In June of 2017, Jay-Z dropped his album 444. I didn’t get hip to the album until 2018. Then again, my mom, after figuring out how to download music onto her phone, played this album when she would pick me up in her Hyundai Elantra my senior year of high school. “I’m never gonna treat you live I should,” from the song “444” would knock through my mom’s speakers as she cruised the roundabout of my highschools pickup and drop off zone. This song provides me pleasant memories of annoyingly waiting for my mom to pick me up two hours later than when I told her to. At the same time, this memory will always make me chuckle. I’ve grown to appreciate the album, and if I were to rank my favorite albums, 444 would be a top choice. 

Jill Scott – He Loves Me (Lyzel in E flat) – Who is Jill Scott?

Jill’s soulful voice, eclectic storytelling, and poetic performance of this song soothed me as a kid. I was too young to fathom the kind of content she would discuss in her piece, but her use of scatting, jazz vocals, and instrumentation did something to me. In my music, I heavily find traces of Jills’ influence. Whether it is the cleaning and the lighting of an autumn-scented candle, nights spent getting my hair in my signature style of cornrows or to cool afternoons running errands with my mother, the soundtrack of Jill Scott will always bring a serenity. 

Maggie Rogers – Alaska – Heard It In A Past Life

This is a story that I don’t tell often, but it was such a crazy experience. So in 2015, I was a part of the NYU spring semester high school program. It was a typical day. I had come in early to get production help. The instructors talked and spoke in code words, which didn’t make sense until later on. We knew that we would listen to Clive students’ original works for special guests later in the day. Before I got to the guest, I was already star-struck with all of the then Clive students I got to interact with that I had previously stalked after knowing I wanted to attend NYU. I was in awe of them. I watched a lot of their student projects and Clive audition tapes. So when I was sitting in the back room with all of them, I was distinctly smiling because I didn’t want to stare at them as “weird.” Maggie Rogers began to play her folk-pop song. In my head, I remember my exact thoughts. I could hear this song in the mall for sure. Unlike me, Pharrell had no words. After that, she blew up, and then in 2019, I watched Maggie become nominated for best new artists at the Grammys.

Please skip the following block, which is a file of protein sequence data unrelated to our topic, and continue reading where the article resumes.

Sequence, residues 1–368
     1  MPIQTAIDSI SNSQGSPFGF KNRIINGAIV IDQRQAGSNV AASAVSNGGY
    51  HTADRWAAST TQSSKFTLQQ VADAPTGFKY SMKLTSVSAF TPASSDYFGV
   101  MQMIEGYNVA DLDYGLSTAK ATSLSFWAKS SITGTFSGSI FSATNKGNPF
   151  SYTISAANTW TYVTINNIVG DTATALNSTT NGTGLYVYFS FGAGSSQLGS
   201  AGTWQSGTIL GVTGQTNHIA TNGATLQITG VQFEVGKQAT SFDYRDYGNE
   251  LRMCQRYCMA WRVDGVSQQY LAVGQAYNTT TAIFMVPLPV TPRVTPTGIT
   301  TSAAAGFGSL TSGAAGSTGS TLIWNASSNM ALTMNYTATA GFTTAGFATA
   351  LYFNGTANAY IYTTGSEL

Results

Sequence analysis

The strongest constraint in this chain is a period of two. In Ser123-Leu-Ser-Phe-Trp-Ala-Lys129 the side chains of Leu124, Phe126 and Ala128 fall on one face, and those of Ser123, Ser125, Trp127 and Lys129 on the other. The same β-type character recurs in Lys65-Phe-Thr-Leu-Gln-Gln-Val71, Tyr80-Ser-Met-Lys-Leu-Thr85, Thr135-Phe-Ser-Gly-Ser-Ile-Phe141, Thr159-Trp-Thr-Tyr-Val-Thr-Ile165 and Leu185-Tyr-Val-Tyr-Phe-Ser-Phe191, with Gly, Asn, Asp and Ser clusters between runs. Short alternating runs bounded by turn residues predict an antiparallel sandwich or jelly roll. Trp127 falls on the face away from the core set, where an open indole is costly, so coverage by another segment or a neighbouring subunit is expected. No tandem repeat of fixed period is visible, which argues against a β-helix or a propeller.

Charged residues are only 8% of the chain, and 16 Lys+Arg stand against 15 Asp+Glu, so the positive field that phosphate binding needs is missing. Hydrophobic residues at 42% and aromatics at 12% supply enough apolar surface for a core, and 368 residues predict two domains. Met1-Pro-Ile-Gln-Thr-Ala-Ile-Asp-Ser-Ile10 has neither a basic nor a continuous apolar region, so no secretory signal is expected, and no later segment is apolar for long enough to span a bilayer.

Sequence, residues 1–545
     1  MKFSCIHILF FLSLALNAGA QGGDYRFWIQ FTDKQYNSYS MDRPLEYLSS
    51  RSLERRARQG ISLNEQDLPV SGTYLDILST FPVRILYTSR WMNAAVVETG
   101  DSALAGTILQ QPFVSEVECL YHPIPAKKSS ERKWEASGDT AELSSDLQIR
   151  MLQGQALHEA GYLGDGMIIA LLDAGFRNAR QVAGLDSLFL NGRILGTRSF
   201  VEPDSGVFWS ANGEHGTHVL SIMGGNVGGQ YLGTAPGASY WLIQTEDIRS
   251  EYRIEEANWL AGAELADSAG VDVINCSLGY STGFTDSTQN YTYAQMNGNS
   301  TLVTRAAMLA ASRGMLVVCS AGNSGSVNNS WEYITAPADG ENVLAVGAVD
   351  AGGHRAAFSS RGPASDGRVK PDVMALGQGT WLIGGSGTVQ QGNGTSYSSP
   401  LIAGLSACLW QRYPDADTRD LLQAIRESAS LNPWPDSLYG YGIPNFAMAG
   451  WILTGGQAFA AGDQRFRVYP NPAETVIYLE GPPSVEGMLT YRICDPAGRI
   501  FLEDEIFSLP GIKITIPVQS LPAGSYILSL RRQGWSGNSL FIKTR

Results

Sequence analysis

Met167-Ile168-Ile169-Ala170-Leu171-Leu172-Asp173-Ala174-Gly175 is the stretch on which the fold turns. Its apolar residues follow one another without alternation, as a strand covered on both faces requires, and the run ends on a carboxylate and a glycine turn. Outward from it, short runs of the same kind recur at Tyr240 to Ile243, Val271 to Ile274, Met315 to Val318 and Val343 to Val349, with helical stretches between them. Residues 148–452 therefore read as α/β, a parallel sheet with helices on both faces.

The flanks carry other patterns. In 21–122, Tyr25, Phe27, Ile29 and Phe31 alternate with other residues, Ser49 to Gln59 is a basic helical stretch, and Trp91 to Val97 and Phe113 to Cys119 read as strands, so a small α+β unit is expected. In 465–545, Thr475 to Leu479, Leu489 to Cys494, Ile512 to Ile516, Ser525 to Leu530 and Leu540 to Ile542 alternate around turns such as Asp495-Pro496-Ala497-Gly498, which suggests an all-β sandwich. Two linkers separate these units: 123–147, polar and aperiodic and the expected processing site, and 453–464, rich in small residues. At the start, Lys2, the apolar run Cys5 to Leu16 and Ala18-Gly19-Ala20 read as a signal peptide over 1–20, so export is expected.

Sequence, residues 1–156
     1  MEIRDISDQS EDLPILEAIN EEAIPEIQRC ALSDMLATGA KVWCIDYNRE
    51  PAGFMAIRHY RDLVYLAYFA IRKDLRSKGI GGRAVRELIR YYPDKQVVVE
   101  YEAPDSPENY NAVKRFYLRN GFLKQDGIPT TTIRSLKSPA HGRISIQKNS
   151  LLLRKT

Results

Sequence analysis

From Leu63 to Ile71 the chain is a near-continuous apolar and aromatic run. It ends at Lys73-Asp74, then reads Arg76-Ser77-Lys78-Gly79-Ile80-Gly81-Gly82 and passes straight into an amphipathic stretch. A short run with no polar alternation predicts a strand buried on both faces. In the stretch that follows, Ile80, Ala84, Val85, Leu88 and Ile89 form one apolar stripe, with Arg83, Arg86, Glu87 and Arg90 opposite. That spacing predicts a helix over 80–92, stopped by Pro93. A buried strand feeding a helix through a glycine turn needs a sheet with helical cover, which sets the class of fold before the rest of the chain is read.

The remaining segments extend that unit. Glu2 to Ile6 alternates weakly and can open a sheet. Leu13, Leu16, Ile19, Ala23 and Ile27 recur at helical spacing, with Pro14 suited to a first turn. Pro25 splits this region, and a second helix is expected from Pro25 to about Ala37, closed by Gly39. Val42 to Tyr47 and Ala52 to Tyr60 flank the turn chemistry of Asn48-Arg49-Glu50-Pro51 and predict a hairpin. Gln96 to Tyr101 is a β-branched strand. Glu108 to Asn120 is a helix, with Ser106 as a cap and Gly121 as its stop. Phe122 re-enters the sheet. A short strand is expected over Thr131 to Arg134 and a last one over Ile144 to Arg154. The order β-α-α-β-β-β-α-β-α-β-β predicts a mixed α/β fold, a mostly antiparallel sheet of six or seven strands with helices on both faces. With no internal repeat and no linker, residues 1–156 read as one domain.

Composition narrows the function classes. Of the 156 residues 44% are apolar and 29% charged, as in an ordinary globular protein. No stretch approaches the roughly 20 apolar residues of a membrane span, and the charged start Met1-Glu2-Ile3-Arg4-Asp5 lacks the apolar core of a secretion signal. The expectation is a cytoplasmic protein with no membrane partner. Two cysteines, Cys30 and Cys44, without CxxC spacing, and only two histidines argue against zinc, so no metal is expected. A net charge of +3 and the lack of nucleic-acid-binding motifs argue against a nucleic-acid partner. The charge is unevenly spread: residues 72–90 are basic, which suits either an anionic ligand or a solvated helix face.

A year later, I’m casually strolling the overpriced apparel in the urban outfitters. I hear, “Hoo-hoo hoo You and I, there’s air in-between.” I once listened to this song in a private listening session and watched Pharrell’s reaction in real-time and there I was, hearing it on the radio at a random mall in New Jersey. 

Orion Sun – No Me Quitte Pas – Hold Space For Me

One of the blurred together days of the pandemic , I was scrolling Tik Tok and saw a video of a couple doing cute couple things. I’m a romantic, and I love love. I was in a bit of a funk from a situation that didn’t work out, and COVID forcibly ended it. Watching the video of the couple made me smile, and I thought to myself, I can’t wait to experience something like that. “You be all in my dreams like I’m fucking haunted, But it’s beautiful; you move me like a moonbeam, ” Orion sings. The minimalist alternative RnB track made me feel all fuzzy inside. Not even two weeks later, out of nowhere, a somewhat storybook romance fell in my lap that would make you believe in fairytales. I met and fell in love (maybe a little too quickly lol) with my little quarantine boo. I casually sent a song to them, and they told me (photo and video proof) that they played in her band. I joke with them all the time that Orion Sun brought us together and that they should introduce me to her, haha! haha! Music can make you feel emotions so strongly and manifest situations that you end up inviting into your life, and for me, that was love.